Straightforward installation; attractive design; app provides lots of configuration and customization options


At least $50 too expensive

Star Rating


Given how easy the Video Doorbell Pro was to install, you'll basically forget it's even there once it's mounted. No pulling it down to swap batteries, no repositioning it over time (since it's fixed), no worrying about whether a long extension cord needs to be tucked out of the way on a regular basis. It goes about its job with little fanfare, and does it well. The fisheye view is a little distorted, but that's a necessary compromise given how low a doorbell needs to be placed. Below is a sample view we captured during installation:


Keep in mind that Ring is not constantly recording video. Instead, motion detection starts the camera's recording, and also sends a notification to your smartphone (assuming you leave that feature enabled), allowing you to catch a "live view" of the events. You can also view previously-recorded videos, assuming you pay for the subscription service ($3/month or $30/year for a single Ring camera). That's quite reasonable versus many of Ring's competitors, but then again a few actually provide a day or two of recording for free, so it's not class-leading.


Now, to fully evaluate the Ring Video Doorbell Pro, though, you really have to consider the Ring App as well, given that it's the product you'll actually be interfacing with on a daily basis. The good news is that the app is attractive, feature-packed, and is constantly being updated by the Ring development team. Seriously, we don't know of any other Smart Home app that's worked on so consistently by its manufacturer. And that's in part because the app is the product. You see, what Ring was trying to do from the start was to create a community, and that means the app is more than just a way to control your camera, it's also a way to share video and news, and to view updates from your neighbors regarding crimes or other activity of note. To a certain degree, the value of this is going to be determined by how many of your neighbors use Ring, but given that you don't even need a Ring product to view and share news on the app, we think it has a lot of potential. In our test area, there are plenty of people posting regularly with videos from their Ring products, with updates from the police, or simply with notes of concern.

The one area where Ring still hasn't matched the competition is in the speed of its app (it starts quite slowly) and of the time to connect to cameras. While it's not bad at about 3-4 seconds, we feel that at this point, an instantaneous connection should be achievable, at least with hard-wired products like the Video Doorbell Pro that don't need to be pulled out of a sleep state to function. It makes "Live View" sound like a bit of a misnomer, and if someone drops off a package and then leaves, it's quite likely you won't be able to connect until they're out of sight (although the recorded video will become available within a few moments of the event). As for the bootup time, this is probably in part of consequence of making it so full-featured. Not only does it include the neighborhood functionality, but it now also controls the Ring Alarm system. In other words, it does a lot, and it's asking your smartphone to do a lot in turn.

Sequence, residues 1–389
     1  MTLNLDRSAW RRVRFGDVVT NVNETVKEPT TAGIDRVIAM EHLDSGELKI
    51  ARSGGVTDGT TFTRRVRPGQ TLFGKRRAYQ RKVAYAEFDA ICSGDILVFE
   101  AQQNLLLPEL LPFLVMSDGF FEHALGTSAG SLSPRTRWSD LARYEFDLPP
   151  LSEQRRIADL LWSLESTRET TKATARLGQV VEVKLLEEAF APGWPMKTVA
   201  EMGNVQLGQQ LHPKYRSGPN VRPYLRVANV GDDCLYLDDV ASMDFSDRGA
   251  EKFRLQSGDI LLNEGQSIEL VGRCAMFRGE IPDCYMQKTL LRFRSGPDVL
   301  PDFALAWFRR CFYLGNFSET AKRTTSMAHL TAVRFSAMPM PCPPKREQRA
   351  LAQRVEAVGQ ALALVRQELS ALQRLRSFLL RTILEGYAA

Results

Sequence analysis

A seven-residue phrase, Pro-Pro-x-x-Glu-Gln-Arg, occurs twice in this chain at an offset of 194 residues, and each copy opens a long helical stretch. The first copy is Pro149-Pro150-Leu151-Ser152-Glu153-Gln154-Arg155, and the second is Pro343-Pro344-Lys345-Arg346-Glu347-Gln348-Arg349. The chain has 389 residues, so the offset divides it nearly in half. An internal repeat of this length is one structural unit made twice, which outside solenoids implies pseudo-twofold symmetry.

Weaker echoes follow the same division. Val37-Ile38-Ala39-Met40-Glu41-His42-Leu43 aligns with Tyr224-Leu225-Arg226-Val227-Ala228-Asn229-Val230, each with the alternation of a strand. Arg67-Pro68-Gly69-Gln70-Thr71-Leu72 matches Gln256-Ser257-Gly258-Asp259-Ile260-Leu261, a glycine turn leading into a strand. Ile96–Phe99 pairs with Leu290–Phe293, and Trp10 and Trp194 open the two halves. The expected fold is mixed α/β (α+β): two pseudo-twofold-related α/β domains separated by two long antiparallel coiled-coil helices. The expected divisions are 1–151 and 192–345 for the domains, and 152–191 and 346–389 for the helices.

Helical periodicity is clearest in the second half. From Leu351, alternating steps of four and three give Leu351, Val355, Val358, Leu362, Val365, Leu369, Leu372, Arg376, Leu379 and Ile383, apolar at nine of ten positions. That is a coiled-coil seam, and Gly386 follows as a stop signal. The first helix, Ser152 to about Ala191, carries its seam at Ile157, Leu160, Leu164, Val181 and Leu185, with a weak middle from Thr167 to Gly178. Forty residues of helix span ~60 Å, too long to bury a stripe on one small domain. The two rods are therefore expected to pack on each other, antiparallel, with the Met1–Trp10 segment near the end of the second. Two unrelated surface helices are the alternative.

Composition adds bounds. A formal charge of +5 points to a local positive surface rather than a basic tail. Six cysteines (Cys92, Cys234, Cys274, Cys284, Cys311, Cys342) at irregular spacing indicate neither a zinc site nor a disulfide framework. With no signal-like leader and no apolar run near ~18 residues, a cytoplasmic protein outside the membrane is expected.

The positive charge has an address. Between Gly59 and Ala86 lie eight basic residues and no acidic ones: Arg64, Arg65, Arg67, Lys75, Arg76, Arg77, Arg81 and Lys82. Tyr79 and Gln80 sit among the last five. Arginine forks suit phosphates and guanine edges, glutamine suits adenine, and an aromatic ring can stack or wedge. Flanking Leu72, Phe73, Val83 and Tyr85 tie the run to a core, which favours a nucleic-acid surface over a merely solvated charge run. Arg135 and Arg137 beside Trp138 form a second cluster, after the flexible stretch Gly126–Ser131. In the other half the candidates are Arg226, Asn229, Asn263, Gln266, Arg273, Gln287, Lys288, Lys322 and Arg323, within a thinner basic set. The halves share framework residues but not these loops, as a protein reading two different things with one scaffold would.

By the way, the Ring Video Doorbell Pro, like all Ring camera products, works well with Amazon's Echo Show, allowing you to view a live feed with a simple voice command. In fact, Amazon now sells the two products as a bundle deal, knocking $50 off the price. Ring is surely working on expanding its integration with the Amazon Echo ecosystem given that Amazon now owns Ring, so think there's more to come in this regard in the near future.


Overall, this product definitely impressed us. We were a little concerned that trying to hook it up to our existing doorbell would lead to unforeseen challenges, but everything worked just right. It also looks very sleek, taking up barely any more space on your door frame than a standard doorbell, yet adding a tremendous range of functionality. With that said, we do think you pay for the convenience of tapping into those existing wires. Ring is charging quite a lot for this product given that it doesn't require (or include) a battery, and it's hard to see why it should cost so much more than either Ring's battery-powered doorbells or its battery-powered stand-along cameras. If anything, we think it should cost less since it has no battery or charging system built in. With that said, it's surprisingly easy to install, looks far better than any other outdoor security camera, and will never leave you worried that your batteries are going dead. In short, it's a premium product at a premium price, meaning it could be just what you're looking for in a DIY home security device.

The Ring Video Doorbell Pro retails for $249.99, which as we've made clear is quite a lot. To sweeten the deal, Amazon is offering the Ring Video Doorbell Pro is available with a free Amazon Echo Dot for a limited time. Alternatively, you can pick up the Video Doorbell Pro along with an Echo Show with a $50 bundle discount, which is what we recommend to get your Smart Home off to a great start!

To learn more about setting up your own Smart Home, see our Smart Home Buyer's Guide, updated on a quarterly basis, for all our favorite Smart Home product picks!

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